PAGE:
All along Intel has strived to boost processor performance. In its labs it created various techniques like branch prediction, pipelining and NetBurst microarchitecture. These features help software vendors enhance the performance of applications and operating systems running on Intel-based servers.

Future processors will incorporate smaller structures thanks to 90 nanometer process technology. This technology enables smaller processors at faster speeds and allows for additional performance enhancements such as increased cache size. Already Itanium and Xeon processors have the cache memory integrated on the chip core itself. Intel is also considering multi-core and multi-die designs for future processors.

Xeon and Itanium processor families are key elements in Intel's enterprise strategy. It has defined future timelines for these processors. Xeon will be positioned at entry-level to mid-range servers; Itanium is for high-end servers and will move down to the mid-range.

"Of course, there will be overlap areas, but Xeon and Itanium will co-exist for a long time," says Wu.


During a presentation at the Nasscom-Gartner Summit, recently held in Mumbai, Gartner Analyst Mathew Boon said that RISC/Unix systems "will survive as a profitable, niche through 2010." Boon said RISC systems will co-exists with Intel 64-bit Itanium servers, in the high-end power-driven segment. "RISC/Unix systems will be used for large CPU complexes, while Itanium will be preferred for small CPU complexes," said Boon.

This means that RISC/Unix systems would continue to be used in 'Big iron' systems that use multiple processors and offer massive computing power. Such systems are generally high-availability, high-reliability systems used for critical tasks that run round the clock. There are three major players in this segment: HP, IBM and Sun. Eventually, Intel could also join this list as it gets into verticals, beginning with Telecom.

So, the RISC/Unix players are not going to abandon their (proprietary systems) but have chosen to offer Intel Itanium servers as well.

IBM is investing heavily in Linux and in the long-term, we can expect it to aggressively sell Itanium servers loaded with Linux. HP has a strategy of offering customers a choice—so it will offer a choice of operating systems for its Itanium systems: Windows, Linux and also HP-UX. HP has already ported HP-UX 1.5 to Itanium and will eventually port OpenVMS and non-stop kernel as well.

So the real battle then is not RISC/Unix Vs IA-64, but RISC/Unix Vs IA-64/Linux and RISC/Unix Vs IA-64/Windows.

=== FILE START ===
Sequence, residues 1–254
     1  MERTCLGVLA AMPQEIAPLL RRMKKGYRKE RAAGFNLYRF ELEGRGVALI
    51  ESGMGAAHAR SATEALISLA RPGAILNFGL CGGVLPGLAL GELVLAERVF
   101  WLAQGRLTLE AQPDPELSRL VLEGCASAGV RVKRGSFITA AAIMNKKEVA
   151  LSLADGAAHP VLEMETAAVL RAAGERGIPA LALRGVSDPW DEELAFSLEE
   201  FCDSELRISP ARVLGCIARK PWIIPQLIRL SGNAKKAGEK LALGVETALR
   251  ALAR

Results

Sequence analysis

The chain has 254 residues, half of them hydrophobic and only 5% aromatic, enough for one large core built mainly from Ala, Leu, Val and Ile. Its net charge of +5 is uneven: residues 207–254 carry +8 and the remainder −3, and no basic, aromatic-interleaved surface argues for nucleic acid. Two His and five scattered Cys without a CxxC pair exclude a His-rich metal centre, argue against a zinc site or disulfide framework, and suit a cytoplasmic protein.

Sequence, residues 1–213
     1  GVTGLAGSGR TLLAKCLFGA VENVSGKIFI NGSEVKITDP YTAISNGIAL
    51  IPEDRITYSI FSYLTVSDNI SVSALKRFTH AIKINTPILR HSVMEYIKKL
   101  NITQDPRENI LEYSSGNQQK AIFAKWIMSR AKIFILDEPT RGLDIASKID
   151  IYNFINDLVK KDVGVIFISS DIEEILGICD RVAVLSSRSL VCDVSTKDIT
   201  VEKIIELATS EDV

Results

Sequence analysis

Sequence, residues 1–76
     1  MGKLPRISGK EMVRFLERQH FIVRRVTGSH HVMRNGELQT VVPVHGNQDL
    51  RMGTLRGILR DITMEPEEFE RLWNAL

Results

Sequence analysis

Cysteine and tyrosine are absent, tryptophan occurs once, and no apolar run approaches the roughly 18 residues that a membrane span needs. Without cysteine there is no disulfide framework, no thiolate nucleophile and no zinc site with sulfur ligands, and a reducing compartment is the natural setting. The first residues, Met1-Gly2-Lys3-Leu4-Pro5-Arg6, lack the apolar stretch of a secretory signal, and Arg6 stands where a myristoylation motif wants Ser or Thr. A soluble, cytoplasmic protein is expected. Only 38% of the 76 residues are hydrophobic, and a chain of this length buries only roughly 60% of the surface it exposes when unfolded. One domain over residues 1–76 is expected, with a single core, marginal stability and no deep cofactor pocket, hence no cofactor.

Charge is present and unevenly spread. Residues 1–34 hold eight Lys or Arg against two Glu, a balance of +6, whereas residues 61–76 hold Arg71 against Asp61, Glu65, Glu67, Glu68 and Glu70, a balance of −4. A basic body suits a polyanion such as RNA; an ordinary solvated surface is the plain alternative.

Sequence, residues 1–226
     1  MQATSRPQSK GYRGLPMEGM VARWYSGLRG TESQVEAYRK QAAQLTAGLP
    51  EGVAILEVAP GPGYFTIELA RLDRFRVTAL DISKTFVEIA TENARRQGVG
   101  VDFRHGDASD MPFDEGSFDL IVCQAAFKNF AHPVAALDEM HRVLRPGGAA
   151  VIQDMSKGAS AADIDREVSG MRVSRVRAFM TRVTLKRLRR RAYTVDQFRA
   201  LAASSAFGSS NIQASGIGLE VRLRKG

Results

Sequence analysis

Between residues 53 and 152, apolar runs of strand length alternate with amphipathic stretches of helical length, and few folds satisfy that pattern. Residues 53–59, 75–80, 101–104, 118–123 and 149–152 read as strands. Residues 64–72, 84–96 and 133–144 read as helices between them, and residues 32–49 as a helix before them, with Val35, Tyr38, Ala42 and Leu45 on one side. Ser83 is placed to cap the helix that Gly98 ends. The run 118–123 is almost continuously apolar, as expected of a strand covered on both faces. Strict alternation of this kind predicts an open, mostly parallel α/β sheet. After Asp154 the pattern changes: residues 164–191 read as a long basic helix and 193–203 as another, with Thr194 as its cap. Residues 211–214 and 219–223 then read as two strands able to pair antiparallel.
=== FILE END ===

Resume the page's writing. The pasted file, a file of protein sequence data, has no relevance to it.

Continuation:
Future processors in the Itanium Processor Family include Madison, Deerfield, Montecito and Chivano. Madison (expected in 2003) will be a smaller chip than Itanium 2 as it will be manufactured using smaller 0.13 micron process technology. It will have 6 MB integrated cache. Deerfield (also expected in 2003) will be a low-powered, more affordable Itanium chip. Montecito and Chivano (expected in 2005-2006) will incorporate technology from Compaq's Alpha chip.

"We are actually targeting Itanium at the high-end space where RISC processors have been dominant. Our strategy is to migrate customers from proprietary to open architecture, rather than from 32-bit to 64-bit systems," says Wee.

Actually, Intel sees two migration paths. One, it hopes RISC vendors (like HP, IBM, Unisys etc), who are now designing Itanium systems, will eventually abandon RISC and commit totally to Itanium. Secondly, there's application migration. For instance customers running a particular application, say Microsoft Exchange, in a 4-way 32-bit environment, may need more power and switch to 4-way 64-bit computing.

But high-end RISC systems are known for their high-availability, high-reliability features. Intel will have to match this, so it is working closely with High-Performance Computing (HPC) users especially in the research and scientific

HPC solutions are used for scientific research and for industry applications, ranging from petroleum and aerospace to finance and bioinformatics. Intel's HPC solution offerings include processor, platform and interconnect/networking technology, software tools and middleware, and solution services. Some institutions are using Itanium-based 'supercomputers' for such applications.

"We are showing people how to build HPC systems. There are two drivers for HPC: the floating-point performance and the open source code. Most users are able to do their own porting," says Wu.

Intel's HPC wins include the National Center for Supercomputing Applications (NCSA), Cornell Theory Center (CTC), and the European Organization for Nuclear Research (CERN).

"Our strategy is to maintain the price band yet put more value into the next generation of processors,” says Philip Wee.

Besides focusing on semiconductors, Intel is doing much to advance the platform and plays a catalyst in nurturing ecosystems.

The Enterprise Platform Group has devised a Building Blocks strategy to ensure that new processors can take advantage of specific platforms (See next story).

Intel also has initiatives directed at specific verticals like Banking & Finance and Telecom. The Keystone initiative, for instance, aims to accelerate the adoption of Intel architecture-based systems and solutions in the highly-specialized financial industry by providing a customized program of information and services.

Going a step further, Intel wants to develop ecosystems and has created a set of Solution Blueprints for this purpose.

With all these strategies in place, it looks like Intel can grab more territory in the high-end server segment. A new report from Gartner Dataquest indicates that in 2003, revenues from servers built on Intel processors will, for the first time, exceed revenue generated from RISC/Unix systems.